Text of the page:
Junior residents need more exposure to manage obstetric airway
The local incidence of difficult intubation of patients delivering by caesarean section under general anaesthesia at a high-volume obstetric hospital in Singapore is 33 in 660 (1:20 or 5.0 percent), reports a recent study. No case of failed intubation has been recorded.
“The true incidence of difficult intubation was likely to be lower, as 90.1 percent of intubations were performed by junior residents,” the researchers said. “As the frequency of obstetric general anaesthesia is declining, there is a need to provide residents with every opportunity possible to manage the obstetric airway under appropriate supervision.”
All parturient women (mean age, 32.1±5.5 years; median body mass index, 27.5 kg/m2, interquartile range, 24.6–31.1) who underwent caesarean delivery under general anaesthesia in 2013–2016 were identified. The researchers reviewed medical records to extract relevant data.
Difficult intubation was characterized by the need for more than one attempt at intubation, or documented as such, based on the opinion of the anaesthetist. A failed intubation, on the other hand, was defined as the inability to intubate the trachea, with subsequent abandonment of the procedure as a means of airway management.
In total, 660 records of caesarean section under general anaesthesia were extracted. All women went through rapid sequence induction with cricoid pressure: 91.2 percent received thiopentone and 98.1 percent succinylcholine. [Singapore Med J 2020;doi:10.11622/smedj.2020118]
Of the 660 patients, only 33 (5.0 percent) experienced difficult intubations. Junior trainees carried out 90 percent of all intubations and 28 of 33 (84.8 percent) difficult intubations. Senior residents/fellows (57.1 percent) and consultants (15.0 percent) performed repeat intubations. There was no incidence of failed intubation reported.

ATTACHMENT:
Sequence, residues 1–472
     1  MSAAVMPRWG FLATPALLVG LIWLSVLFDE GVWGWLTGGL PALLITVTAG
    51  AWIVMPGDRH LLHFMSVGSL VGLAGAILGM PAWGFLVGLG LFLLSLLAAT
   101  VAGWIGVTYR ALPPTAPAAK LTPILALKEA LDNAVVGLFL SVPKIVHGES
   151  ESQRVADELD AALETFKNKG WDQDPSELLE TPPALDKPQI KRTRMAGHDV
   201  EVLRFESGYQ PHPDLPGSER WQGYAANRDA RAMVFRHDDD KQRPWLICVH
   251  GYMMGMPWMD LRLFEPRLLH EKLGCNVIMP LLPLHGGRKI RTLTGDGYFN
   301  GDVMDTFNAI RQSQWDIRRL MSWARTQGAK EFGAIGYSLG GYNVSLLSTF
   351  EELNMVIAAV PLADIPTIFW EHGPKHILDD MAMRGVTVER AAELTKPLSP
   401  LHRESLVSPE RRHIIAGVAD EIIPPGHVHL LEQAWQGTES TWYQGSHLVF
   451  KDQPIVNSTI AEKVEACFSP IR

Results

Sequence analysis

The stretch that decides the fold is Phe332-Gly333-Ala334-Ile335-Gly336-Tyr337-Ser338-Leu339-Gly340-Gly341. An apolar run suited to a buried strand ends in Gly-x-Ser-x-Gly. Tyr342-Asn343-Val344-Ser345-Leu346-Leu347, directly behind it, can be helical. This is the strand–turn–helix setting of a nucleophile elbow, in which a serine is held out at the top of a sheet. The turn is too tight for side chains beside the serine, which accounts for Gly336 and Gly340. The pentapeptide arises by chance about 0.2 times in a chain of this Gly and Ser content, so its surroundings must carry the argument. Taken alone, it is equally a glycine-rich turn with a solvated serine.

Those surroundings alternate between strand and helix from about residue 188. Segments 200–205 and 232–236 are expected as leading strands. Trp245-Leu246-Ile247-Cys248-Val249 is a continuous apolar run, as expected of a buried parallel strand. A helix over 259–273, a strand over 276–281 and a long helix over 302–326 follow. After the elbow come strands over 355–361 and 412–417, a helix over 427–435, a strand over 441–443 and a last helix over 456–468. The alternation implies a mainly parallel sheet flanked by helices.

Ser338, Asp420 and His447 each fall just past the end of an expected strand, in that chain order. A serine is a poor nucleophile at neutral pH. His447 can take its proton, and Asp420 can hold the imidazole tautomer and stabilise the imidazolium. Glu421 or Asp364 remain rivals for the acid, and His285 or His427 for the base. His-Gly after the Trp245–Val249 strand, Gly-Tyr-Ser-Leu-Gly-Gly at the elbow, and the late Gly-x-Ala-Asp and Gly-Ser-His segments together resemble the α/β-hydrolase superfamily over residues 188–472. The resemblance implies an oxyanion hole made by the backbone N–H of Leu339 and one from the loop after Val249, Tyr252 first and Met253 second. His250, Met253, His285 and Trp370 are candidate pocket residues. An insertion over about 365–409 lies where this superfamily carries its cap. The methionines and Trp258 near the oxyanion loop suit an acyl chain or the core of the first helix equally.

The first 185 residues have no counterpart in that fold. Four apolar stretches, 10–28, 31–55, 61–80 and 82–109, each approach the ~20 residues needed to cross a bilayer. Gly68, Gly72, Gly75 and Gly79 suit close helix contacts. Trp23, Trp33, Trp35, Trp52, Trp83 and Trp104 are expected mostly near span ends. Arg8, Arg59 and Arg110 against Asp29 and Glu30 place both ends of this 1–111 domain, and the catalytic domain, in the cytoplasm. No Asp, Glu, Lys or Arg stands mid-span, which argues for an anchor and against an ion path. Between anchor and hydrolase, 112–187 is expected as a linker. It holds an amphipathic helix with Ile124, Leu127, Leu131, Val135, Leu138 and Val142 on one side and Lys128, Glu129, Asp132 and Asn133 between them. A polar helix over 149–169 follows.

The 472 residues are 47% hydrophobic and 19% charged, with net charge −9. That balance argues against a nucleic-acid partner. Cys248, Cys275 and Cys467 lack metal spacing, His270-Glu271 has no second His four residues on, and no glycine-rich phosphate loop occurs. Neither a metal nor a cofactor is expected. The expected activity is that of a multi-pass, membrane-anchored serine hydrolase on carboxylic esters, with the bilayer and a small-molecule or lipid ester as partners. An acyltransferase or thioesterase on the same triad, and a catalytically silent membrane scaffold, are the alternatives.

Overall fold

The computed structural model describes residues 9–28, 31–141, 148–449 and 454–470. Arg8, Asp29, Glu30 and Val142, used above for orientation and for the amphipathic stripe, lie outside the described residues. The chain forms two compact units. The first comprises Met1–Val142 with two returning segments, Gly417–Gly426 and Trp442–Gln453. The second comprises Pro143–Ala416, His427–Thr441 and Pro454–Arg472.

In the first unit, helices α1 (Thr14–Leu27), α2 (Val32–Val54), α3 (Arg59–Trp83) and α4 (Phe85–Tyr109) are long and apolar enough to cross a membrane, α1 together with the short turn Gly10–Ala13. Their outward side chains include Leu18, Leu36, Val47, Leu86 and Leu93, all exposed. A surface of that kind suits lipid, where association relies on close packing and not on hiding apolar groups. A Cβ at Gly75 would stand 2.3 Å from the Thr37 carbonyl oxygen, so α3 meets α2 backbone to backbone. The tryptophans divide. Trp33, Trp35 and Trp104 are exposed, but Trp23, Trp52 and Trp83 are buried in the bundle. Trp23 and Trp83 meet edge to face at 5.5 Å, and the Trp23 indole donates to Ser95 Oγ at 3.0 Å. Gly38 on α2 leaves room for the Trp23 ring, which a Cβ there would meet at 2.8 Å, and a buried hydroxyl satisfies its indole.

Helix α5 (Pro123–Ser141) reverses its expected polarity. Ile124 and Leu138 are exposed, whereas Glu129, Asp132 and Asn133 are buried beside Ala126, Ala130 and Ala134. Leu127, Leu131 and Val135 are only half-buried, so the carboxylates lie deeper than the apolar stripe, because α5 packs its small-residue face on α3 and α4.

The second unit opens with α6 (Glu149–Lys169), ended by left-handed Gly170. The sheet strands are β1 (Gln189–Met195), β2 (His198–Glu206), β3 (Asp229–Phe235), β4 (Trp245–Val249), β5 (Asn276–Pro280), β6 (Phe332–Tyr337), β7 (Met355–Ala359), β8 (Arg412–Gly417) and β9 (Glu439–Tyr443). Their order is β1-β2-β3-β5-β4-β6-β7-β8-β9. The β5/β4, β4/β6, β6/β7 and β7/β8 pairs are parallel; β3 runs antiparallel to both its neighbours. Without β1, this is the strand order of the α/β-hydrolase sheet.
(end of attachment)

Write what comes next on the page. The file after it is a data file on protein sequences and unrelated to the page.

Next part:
“The lowered frequency of employing general anaesthesia for caesarean deliveries is a matter of concern, as it could compromise obstetric airway training,” the researchers said, noting how a mandatory decrease in work hours resulted in anaesthesia trainees being part of only one caesarean section performed under general anaesthesia per year at a university hospital in the UK. [Anaesthesia 2000;55:179-183; Int J Obstet Anesth 2005;14:2-4; Int J Obstet Anesth 2008;17:233-237]
“With fewer training opportunities, trainees may not achieve the required expertise by the time they graduate, and this could impact the quality of obstetric care rendered,” they noted.
Previous studies have also emphasized the association between the decline in caesarean general anaesthesia exposure and an increase in failed intubations. For instance, when obstetric general anaesthesia decreased from 83 percent in 1981 to 23 percent in 1994, failed intubations increased from 1:300 to 1:250 during the same period. [Br J Anaesth 1996;76:680-684; Br J Anaesth 2005;94:690]
In contrast, centres with a more liberal approach to general anaesthesia had a much lower incidence of difficult or failed intubations. [Anaesthesia 2009;64:1168-1171; Anesthesiology 1992;77:67-73]
“While such observations are, at best, associations, it does highlight the importance of giving trainees every learning opportunity to manage the obstetric airway,” the researchers said. [Int J Obstet Anesth 2007;16:1-3; Int J Obstet Anesth 2008;17:233-237]
“The faculty at our institution probably subscribed to this philosophy, as 90.1 percent of all tracheal intubations and 28 of 33 difficult intubations were performed by residents,” they added.